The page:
Some people might say that I am wrong. They might say that people create computer viruses because they are psychopathic or because they want fame and fortune or even for money. In fact, according to Shane Harris in his 2014 article for Foreign Policy. Com, people make around $300,000 selling computer viruses on the dark web (Harris, 2014). However, I see the good in people and I don’t think that virus creators are psychopathic, want attention, or want in on the black market of computer viruses. People do a lot of stupid things for fun, a thrill, or because they’re mad. But that doesn’t mean we should put them in a box and call them the villain. They were just making stupid decisions for their own pleasure.

To conclude, computer virus creators, in my opinion, take the time to create such destructive things because they want revenge on somebody, want to spread negativity and negative energy for fun, or they want a cheap thrill. But this isn’t the only theory out there. People have other theories in mind about this, but there’s no surefire opinion. All we can do is guess and assume, see the good in these people, and hope that they’ll change. The consumers can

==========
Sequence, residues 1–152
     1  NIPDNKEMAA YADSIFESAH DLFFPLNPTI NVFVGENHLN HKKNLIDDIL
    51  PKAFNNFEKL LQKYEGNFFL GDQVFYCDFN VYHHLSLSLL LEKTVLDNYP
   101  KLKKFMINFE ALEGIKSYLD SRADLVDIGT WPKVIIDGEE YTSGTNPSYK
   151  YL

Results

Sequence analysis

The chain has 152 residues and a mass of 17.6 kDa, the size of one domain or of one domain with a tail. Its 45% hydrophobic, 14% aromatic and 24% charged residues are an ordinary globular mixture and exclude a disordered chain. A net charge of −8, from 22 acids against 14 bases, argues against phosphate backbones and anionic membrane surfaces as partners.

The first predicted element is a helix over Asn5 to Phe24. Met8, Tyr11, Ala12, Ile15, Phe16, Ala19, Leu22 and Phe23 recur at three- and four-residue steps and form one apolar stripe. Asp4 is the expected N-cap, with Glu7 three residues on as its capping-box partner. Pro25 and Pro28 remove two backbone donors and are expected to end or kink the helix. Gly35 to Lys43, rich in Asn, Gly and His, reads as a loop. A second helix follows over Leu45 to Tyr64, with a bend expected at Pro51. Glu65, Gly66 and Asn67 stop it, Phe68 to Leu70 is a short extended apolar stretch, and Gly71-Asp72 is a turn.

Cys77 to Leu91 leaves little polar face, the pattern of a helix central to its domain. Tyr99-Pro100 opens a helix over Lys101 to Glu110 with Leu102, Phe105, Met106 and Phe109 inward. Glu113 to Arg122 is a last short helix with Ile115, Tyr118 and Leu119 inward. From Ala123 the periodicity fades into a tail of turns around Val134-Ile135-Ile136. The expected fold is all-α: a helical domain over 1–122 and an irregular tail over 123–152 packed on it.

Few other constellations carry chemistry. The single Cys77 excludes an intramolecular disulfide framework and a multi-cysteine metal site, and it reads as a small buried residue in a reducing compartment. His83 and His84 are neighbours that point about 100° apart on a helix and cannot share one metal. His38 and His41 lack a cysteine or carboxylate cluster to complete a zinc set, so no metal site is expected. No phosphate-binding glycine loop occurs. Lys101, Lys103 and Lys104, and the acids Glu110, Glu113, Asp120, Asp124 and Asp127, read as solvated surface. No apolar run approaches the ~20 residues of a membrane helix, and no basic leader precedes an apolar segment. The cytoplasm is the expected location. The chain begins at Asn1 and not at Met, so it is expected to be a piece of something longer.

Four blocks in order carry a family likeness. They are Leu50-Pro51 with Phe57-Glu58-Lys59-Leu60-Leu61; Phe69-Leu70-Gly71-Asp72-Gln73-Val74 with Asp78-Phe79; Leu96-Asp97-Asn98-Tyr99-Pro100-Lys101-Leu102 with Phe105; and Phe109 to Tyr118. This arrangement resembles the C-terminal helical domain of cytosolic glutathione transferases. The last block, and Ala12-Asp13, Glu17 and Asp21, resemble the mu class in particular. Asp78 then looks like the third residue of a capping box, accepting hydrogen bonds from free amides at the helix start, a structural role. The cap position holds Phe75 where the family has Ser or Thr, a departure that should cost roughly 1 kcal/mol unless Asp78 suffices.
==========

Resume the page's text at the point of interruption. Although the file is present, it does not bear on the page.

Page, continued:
also protect their devices by maintaining proper computer hygiene, ignoring links, calling out the scammers, and more. Then, we can have a virus free world.

Sources Cited

Forster, E. A. (2018). Ungrateful millennials. Humans.

Harris, S. (2014, March 25). Black market for malware and cyber weapons is thriving. Foreign Policy. iving/

Help Net Security. (2002, April 8). Sophos Anti-Virus says Bill Caricature isn’t funny. nny/

Hope, C. (2022, May 3). Why do people create viruses and malware?. Computer Hope. nd%20trouble&text=Some%20malware%20can%20crash%20an,create%20more%20virus es%20and%20malware.

Shapiro, S. J. (2023, May 9). On the trail of the dark avenger: The most dangerous virus writer in the world. The Guardian. t-dangerous-virus-writer-in-the-world

Top 10 hilarious viruses, trojans and worms. Compare Business Products. (2012, August 25).